We must fight obesity with cola tax, say 'busybody' doctors
Doctors' group calling for fizzy drink tax and ban on junk food ads accused of megalomania
IT'S TIME to act on Britain's obesity epidemic, says the Academy of Medical Royal Colleges (AOMRC), a body representing the majority of the UK's 220,000 doctors, which has called for drinks laden with sugar to be taxed at 20 per cent.
As part of a 10-point plan to combat obesity, the AOMRC is also seeking a ban on TV advertisements for junk food before the 9pm watershed, fewer fast food outlets near schools and to outlaw unhealthy food in hospitals.
The doctors describe obesity, which costs the NHS £5.1bn per year, as "the greatest public health crisis facing the UK", predicting more than half adults will be overweight by 2050.
For The Guardian's health editor, Sarah Boseley, the report does not go far enough. Although it is good to see doctors "tackling the much wider issues" behind obesity, such as the cost of fatty food and drink, she believes health policy requires a bolder prescription: a central figure to unite "all the strands and departments and special interest groups".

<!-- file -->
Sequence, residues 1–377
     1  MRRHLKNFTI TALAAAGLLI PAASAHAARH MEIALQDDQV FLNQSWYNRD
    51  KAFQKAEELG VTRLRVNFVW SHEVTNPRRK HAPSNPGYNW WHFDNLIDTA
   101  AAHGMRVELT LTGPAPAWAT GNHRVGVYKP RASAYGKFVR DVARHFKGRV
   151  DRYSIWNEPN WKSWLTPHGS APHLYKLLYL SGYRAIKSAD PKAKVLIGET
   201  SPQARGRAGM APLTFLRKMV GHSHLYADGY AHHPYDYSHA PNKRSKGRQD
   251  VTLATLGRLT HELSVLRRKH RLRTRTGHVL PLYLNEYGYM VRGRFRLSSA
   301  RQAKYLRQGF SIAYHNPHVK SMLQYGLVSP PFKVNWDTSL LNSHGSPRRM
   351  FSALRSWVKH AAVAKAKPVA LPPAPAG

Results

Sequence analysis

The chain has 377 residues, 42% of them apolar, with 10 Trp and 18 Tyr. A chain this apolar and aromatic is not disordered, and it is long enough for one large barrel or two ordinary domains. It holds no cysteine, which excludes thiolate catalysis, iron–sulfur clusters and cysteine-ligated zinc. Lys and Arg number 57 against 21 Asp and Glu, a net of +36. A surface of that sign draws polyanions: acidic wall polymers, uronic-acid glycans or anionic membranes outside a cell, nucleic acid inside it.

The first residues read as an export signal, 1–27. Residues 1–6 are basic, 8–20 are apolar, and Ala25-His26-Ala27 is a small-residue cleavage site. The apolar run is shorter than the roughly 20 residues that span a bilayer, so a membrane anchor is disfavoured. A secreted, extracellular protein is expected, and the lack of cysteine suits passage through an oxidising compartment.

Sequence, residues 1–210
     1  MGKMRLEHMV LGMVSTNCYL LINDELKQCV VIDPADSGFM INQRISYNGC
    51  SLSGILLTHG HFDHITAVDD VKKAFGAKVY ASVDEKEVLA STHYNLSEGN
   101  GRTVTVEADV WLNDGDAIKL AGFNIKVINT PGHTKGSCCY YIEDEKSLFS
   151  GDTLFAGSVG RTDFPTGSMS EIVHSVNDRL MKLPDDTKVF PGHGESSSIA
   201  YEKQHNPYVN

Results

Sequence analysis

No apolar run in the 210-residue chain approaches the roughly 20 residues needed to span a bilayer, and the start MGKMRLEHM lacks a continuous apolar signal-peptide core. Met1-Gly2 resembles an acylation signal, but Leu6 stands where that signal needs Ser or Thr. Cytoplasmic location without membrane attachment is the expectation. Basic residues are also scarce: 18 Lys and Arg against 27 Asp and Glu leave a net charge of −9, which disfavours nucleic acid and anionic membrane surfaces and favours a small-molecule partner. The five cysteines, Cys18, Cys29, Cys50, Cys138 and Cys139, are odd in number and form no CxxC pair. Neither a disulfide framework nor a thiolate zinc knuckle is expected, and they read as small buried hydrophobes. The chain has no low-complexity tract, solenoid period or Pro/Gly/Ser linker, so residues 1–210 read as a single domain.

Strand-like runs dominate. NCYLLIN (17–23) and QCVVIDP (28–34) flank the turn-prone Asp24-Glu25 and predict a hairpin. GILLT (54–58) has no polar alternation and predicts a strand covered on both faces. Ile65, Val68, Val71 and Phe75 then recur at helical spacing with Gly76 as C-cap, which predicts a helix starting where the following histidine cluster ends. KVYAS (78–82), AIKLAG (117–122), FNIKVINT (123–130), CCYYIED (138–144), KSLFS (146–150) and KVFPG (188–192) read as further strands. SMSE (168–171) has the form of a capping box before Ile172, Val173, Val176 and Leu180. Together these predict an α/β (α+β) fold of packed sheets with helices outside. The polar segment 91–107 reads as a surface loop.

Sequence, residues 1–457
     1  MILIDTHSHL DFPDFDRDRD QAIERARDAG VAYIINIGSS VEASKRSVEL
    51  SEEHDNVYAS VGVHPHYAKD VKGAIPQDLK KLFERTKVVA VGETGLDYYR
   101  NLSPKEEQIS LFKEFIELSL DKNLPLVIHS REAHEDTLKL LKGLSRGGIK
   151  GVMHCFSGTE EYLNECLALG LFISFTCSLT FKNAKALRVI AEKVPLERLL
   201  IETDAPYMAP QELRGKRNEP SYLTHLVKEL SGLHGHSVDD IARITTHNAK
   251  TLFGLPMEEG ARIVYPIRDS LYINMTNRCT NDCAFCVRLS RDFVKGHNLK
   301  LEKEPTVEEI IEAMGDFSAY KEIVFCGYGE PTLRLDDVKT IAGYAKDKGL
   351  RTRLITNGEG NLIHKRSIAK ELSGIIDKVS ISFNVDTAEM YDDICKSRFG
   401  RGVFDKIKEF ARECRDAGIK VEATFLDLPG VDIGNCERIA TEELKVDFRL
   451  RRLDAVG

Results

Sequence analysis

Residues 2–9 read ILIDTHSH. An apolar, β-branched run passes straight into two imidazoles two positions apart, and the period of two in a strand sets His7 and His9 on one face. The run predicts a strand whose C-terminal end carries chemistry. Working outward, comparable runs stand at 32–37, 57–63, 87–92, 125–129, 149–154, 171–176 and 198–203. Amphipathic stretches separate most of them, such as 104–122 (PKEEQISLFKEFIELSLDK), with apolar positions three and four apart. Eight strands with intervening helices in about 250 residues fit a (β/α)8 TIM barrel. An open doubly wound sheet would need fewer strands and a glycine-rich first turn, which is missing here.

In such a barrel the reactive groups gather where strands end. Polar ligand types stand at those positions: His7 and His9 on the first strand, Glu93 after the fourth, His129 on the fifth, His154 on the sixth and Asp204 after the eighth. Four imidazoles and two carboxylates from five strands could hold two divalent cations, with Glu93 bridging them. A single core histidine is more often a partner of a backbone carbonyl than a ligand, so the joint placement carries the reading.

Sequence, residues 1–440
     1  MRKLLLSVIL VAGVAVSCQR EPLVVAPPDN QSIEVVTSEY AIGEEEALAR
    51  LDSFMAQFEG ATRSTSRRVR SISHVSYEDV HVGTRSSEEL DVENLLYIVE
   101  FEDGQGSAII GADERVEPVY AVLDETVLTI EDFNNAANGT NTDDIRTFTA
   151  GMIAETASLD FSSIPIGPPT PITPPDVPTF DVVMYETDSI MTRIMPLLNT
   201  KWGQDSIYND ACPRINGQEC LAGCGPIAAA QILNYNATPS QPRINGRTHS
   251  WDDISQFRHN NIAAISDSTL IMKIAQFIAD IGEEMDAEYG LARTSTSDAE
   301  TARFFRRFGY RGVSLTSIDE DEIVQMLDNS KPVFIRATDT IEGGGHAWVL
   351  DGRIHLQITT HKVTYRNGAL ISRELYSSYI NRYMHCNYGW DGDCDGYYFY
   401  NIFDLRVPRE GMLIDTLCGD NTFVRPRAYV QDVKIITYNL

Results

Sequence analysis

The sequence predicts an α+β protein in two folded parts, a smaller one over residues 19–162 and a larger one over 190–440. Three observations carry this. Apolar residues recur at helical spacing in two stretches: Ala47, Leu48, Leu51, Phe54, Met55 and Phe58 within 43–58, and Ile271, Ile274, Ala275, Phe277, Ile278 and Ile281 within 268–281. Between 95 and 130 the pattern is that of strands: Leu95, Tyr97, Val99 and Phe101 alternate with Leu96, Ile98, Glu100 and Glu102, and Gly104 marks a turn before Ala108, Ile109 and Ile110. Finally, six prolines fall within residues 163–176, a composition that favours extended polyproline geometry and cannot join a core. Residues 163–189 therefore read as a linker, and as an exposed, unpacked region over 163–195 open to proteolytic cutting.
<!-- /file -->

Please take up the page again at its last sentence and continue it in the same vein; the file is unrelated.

Boseley says Britain could benefit from a non-political "obesity tsar" figure, pointing out that The Royal College of Physicians – members of the AOMRC – called for such an appointment to be made last month.
Writing in online magazine Spiked, Rob Lyons is sceptical, saying we need a 10-point plan for "busybody medics". "We certainly do need urgent action: to get the government, health campaigners and megalomaniac medics out of our lives," he writes.
As for obesity, Lyons points out life expectancies have been slowly increasing. "If we're not all dropping like flies - in fact, quite the reverse - what justification is there for claims of an obesity time-bomb?" he asks
TV chef and healthy eating campaigner Jamie Oliver backs the report, writing on his website that we should act on "the clearest warning sign yet that the medical profession is deeply concerned about obesity".
The AOMRC's chair, Professor Terence Stephenson, said doctors were just trying to help people, not "nanny" them. "We didn't hear from a single person who said they liked being overweight. Everybody we met wanted help from the state and society," he told the BBC.